My hosts in Norman were Kwame and Natalie. We met in Cameroon while Natalie was working on her PhD research.  They stayed with me in Cameroon, for a couple of weeks, while looking for a place to rent. It was wonderful to see them again after 3 years and they were very gracious.  We bought tickets to the OKC- Utah game 5. Before this game started, sadly, I watched the Pacers lose on a buzzer beater by Lebron, so it put a damper on my mood. However, the atmosphere in the gym was unbelievable and the comeback led by Westbrook’s 20 third quarter points was a site to see and a roar to hear! I stayed a few days to rest and enjoy my birthday.  Two days of grilling out and listening to music in sunny 80 degree weather was what my body needed! For those of you who know me grilling out and listening to music are my favorite things to do. The first two days were about me and I treated myself.

I got back into ScholarShop mode, checking emails, talking to my counterparts, etc… I received WONDERFUL news. Sean, co-founder, of ScholarShop Africa welcomed a baby boy into this world the day after my birthday on April 27th.  Baby, momma, and pops are doing well and I cannot be happier for two people so near and dear to me.

The weekend of celebration continued as I chose the winner of the “name the BeachFlyer competition” and was able to give the news to the young lady herself via webcam.  A student in my sister’s first grade class came up with the name, Dragon Wheeler. I named the bike Cliff the Dragon Wheeler which is a hybrid from another student in a 7th grade class.  The first grader chose the name because dragons are her favorite animal and bikes have wheels so she put the two together.  I chose Cliff because I rode close to a lot of cliffs on the west coast and I thought that was appropriate. After talking with the winner we held a Q&A session about my ride.  I am trying to figure out how to upload that and when I do you will be able to see questions first graders can ask! Or add me on Facebook and you can see it there! They were quite good and comical too.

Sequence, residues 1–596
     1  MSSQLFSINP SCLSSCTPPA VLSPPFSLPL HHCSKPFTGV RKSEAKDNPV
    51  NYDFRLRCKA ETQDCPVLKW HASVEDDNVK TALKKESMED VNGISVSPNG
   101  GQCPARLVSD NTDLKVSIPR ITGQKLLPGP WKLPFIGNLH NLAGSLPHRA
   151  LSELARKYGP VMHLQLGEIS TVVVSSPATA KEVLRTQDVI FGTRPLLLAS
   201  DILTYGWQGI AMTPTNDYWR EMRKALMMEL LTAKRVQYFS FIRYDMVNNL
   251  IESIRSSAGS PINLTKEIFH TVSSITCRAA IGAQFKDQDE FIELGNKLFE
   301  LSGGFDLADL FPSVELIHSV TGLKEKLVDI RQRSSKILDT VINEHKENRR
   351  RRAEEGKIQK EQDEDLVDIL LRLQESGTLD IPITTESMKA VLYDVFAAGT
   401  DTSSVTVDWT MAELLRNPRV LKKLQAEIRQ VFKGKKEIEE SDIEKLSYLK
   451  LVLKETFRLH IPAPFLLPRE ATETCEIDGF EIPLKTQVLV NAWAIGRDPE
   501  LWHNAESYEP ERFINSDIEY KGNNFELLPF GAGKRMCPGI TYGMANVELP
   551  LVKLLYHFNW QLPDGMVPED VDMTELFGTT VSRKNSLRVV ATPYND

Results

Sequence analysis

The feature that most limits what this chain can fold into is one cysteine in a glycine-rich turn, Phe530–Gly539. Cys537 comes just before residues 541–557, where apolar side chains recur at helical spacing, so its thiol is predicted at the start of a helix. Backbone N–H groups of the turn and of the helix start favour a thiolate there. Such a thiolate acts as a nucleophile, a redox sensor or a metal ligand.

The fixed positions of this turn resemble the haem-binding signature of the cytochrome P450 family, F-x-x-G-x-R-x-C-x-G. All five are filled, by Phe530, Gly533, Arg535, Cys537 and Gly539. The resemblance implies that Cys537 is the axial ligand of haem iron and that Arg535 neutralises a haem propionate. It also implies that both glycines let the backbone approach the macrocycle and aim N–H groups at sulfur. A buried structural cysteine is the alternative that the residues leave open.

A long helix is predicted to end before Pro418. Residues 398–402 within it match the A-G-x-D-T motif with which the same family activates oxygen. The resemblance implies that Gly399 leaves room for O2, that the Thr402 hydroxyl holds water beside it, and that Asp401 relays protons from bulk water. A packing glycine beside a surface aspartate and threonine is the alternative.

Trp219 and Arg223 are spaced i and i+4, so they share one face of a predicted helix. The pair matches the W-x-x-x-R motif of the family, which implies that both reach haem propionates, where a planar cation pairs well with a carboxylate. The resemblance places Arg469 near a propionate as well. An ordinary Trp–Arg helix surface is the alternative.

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BUT the competition isn’t over! Cliff the Dragon Wheeler retired itself in Los Angeles.  So, a new competition has started, I am still accepting names for my current bike!  

That same very day, April 30th, while visiting the wrestling HOF I received more great news! One of our ScholarShop students was accepted into African Leadership Academy in South Africa (ALA).  ALA is one of the most prestigious 2 year academies in Africa and less than 150 students throughout the continent are accepted each year.  Yoland, is a very gracious, humble, intelligent young lady who has huge aspirations for her future and community! Yoland could not have been a better choice for ALA.  You can read her story on the ScholarShop website.  Her hard work, determination, volunteering in her community, continually being top in her class and her dreams:  she will be a great student at ALA. Scholarshop helped Yoland reach her dream to stay in academia! Your donations helped us help her stay in school, purchase necessary items, register for exams, and taught her volunteerism, community awareness and giving back.  The cost will be high to send Yoland to ALA, but if I have found anything on this trip the world works in wonderous ways.

Through ScholarShop Africa, donors like you will continue to grow the program, send Yoland to ALA, educate more youths and supply them with necessary school supplies and help change the next generation one youth at a time.  

Please consider helping ScholarShop Africa to help students like Yoland achieve their dreams and go farther than even their dreams have went.  Visit Scholarshop’s website and help  ScholarShop to expand beyond Cameroon.  

Thanks again for the birthday wishes and I hope everyone has a wonderful May!

Winner of BeachFlyer #1!